The city of invisible women
In Kosovo, many women turn to care and domestic work. Highly feminized, this line of work has never been regulated by the state, thus creating disparities in the labor market. Invisible to law, care and domestic workers are left at the mercy of their employers for just treatment.
The life story approach of oral history interviews covers only a fraction of experiences of care and domestic workers but offers valuable insights into the unregulated economy in Kosovo. The interviews center around a few open-ended questions about childhood recollections before, during, and after the war, and descriptions of their home, school, and experiences at the workplace.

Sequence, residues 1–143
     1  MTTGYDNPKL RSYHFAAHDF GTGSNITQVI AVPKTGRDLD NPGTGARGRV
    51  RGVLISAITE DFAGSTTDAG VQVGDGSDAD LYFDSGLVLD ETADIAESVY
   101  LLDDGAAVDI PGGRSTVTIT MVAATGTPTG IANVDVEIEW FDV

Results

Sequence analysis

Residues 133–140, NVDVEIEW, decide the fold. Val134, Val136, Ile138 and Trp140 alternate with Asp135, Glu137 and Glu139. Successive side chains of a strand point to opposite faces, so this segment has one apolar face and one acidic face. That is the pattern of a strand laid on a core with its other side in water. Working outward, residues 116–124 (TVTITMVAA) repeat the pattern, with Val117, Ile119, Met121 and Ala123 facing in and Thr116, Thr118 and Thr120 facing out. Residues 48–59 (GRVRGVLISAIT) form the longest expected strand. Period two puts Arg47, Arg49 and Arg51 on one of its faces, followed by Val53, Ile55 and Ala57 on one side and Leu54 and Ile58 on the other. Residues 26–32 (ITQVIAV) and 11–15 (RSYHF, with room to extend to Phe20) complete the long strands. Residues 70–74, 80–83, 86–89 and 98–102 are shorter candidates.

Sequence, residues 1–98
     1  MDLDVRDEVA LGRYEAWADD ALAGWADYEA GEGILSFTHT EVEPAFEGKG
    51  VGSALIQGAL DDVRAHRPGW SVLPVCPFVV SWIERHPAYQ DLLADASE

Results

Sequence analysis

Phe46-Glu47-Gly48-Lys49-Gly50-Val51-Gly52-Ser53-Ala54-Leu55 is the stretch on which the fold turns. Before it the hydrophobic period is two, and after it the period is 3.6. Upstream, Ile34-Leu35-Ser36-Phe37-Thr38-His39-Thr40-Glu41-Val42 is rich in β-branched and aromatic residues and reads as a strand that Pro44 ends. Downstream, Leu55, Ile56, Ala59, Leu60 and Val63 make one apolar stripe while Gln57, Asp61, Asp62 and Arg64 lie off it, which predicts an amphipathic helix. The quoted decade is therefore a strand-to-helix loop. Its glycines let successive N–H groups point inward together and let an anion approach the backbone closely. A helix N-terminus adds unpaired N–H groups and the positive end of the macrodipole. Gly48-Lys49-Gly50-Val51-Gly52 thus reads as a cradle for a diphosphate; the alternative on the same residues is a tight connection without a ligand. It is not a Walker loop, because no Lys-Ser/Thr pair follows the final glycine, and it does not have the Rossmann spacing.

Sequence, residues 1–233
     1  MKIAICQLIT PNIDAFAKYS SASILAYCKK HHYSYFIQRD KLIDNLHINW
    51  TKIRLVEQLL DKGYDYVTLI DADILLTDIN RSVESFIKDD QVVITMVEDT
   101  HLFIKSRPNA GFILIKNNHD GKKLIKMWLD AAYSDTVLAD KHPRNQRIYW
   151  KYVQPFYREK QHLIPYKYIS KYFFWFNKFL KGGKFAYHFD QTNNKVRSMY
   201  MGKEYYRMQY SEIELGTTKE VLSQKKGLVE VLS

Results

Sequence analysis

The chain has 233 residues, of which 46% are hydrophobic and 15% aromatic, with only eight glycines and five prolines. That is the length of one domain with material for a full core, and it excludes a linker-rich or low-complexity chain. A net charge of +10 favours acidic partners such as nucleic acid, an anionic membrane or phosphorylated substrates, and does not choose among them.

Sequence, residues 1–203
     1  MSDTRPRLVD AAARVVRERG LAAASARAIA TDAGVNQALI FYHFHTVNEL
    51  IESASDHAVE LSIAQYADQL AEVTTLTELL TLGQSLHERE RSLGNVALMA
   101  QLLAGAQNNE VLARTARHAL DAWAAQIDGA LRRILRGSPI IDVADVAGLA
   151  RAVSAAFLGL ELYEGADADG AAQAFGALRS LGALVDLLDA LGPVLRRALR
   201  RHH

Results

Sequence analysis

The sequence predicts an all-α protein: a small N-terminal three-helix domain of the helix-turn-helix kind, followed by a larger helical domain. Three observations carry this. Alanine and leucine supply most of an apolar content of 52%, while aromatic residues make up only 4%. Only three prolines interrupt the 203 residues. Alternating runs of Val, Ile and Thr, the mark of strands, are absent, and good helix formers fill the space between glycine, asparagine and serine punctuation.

The narrators were between 22 and 65 years of age. The video recordings lasted between 60 and 180 minutes. Due to their requests for anonymity, we have turned their video-interviews into audio and edited them into two to eight minute stories.
Renea Begolli, Dafina Tahiri and Chester Eng
"I don’t know how to explain it, when you go to a house for the first time, it’s like a foreign country. I don’t know, I’ve never been abroad, but it's the same as when you go to a foreign country where you don’t know the environment… to start from zero it’s quite a hard job."